If a person has undergone surgery on a weight-bearing joint, such as a hip joint, but this surgery was not successful, it can seriously interfere with a person’s ability to work. Social Security may find that you are entitled to Disability Benefits if you have had such a surgery but still cannot walk effectively following it. To determine whether a person is able to walk effectively, Social Security will look to see whether the person is reporting problems with walking, balance, leg weakness, or falling in their medical records and will also look to see whether they have been prescribed a cane, walker, or wheelchair by a doctor. If a person’s ability to ambulate effectively returns within 12 months of the onset of the condition, benefits will not be paid on this condition alone. However, this problem, coupled with other problems, could still be disabling if, in combination, they keep a person from working full-time.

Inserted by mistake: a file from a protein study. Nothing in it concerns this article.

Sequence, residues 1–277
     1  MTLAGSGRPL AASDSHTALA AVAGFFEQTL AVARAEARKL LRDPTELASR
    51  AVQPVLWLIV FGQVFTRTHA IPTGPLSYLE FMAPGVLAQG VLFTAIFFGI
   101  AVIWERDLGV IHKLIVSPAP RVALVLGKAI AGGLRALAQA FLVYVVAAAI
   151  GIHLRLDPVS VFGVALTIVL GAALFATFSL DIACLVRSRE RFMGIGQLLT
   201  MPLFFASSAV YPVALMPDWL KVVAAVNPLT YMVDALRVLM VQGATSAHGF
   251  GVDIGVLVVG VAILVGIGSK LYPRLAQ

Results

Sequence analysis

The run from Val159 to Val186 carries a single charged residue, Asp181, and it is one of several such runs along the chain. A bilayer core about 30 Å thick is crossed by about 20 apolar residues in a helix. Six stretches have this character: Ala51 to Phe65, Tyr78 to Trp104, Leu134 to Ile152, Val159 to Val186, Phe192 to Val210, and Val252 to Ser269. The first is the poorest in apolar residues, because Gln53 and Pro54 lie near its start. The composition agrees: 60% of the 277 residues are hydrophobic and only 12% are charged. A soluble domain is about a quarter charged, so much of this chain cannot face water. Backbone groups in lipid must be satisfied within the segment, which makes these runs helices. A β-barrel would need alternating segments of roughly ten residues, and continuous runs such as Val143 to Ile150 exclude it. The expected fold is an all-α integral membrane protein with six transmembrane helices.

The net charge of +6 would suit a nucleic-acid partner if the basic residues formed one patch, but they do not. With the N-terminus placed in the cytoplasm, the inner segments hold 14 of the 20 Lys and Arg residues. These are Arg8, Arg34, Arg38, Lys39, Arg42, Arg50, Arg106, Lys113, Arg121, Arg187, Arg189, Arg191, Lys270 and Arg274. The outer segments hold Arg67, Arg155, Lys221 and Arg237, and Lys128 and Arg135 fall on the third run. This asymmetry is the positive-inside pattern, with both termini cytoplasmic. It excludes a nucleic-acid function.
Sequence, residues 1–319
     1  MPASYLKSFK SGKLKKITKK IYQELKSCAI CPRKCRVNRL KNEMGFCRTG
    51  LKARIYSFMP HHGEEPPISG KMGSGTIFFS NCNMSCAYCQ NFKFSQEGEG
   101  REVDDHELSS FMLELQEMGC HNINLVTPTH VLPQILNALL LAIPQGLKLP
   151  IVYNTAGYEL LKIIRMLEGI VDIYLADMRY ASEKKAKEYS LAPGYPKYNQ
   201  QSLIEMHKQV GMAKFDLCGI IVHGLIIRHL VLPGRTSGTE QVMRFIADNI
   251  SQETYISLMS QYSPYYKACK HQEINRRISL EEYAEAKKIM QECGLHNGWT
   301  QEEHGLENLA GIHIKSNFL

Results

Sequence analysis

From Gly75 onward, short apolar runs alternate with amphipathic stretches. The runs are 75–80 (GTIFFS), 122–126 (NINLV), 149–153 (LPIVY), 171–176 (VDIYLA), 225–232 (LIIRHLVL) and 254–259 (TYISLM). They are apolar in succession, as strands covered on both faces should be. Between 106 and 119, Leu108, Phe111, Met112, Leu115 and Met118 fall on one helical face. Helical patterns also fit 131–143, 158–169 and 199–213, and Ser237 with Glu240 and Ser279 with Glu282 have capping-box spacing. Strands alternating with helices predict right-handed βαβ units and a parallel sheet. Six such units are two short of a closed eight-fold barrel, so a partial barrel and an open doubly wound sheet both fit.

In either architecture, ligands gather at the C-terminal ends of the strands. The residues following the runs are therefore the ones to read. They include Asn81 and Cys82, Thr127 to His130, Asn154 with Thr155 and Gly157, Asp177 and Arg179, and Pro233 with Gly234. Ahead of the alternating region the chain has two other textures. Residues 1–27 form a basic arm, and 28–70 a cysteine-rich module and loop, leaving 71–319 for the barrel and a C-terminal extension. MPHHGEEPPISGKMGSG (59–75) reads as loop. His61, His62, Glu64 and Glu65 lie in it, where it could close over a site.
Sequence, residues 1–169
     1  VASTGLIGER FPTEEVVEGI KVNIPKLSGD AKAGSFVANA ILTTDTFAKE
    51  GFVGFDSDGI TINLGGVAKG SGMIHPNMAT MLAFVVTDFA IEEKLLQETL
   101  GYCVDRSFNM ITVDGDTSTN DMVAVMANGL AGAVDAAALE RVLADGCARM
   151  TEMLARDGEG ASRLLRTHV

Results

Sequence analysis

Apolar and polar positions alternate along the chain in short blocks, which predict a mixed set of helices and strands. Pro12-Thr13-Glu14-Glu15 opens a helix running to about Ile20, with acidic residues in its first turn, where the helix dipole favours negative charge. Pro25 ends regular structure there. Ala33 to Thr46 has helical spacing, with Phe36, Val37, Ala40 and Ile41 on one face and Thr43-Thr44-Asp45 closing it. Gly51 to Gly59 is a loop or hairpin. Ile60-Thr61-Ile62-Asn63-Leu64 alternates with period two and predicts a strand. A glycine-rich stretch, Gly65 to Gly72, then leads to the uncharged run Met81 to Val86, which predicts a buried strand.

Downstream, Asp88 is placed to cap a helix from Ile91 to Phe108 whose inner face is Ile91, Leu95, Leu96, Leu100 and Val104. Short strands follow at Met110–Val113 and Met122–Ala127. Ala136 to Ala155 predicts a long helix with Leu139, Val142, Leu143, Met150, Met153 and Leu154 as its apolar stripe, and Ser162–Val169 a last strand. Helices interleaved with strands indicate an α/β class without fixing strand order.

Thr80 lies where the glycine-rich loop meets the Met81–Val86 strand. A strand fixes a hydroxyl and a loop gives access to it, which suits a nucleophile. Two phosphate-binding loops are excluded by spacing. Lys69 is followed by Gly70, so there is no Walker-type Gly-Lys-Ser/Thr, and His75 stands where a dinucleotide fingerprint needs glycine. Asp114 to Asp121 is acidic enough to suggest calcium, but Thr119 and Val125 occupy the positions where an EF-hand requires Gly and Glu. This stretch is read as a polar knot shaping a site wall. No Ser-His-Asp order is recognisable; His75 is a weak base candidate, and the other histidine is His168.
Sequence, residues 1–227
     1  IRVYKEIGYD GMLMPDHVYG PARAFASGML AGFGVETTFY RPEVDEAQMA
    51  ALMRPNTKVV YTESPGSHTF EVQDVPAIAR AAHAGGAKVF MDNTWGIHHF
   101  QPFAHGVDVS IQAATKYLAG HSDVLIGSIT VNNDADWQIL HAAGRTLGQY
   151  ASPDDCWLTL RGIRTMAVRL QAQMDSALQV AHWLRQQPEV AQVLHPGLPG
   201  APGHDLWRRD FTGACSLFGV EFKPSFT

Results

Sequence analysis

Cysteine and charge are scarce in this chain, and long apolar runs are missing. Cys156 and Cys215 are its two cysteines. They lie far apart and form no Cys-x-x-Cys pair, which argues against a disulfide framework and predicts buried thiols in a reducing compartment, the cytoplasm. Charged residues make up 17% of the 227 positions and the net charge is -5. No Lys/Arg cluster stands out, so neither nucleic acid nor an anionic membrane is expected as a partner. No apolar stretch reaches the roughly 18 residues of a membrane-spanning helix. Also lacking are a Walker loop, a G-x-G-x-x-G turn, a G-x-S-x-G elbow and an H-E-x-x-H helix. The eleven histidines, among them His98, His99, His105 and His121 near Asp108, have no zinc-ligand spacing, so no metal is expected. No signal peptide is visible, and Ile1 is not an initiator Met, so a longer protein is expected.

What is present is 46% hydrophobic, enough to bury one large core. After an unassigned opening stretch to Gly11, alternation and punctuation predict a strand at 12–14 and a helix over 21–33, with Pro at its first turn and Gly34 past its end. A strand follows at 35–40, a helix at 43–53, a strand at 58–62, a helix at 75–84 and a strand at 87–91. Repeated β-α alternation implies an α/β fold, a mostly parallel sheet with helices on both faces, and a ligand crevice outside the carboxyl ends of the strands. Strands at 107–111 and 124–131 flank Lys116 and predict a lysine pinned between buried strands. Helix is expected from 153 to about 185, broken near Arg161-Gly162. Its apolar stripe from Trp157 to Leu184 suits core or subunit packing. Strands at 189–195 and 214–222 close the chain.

Overall, Social Security looks to see whether the problems a person is having prevents them from working any full-time job that exists in the United States. This can be a tough standard to meet. Although the road to receiving Social Security Disability Benefits is long and frustrating, an Attorney can help make sure these standards are being met and can make the process less confusing and stressful.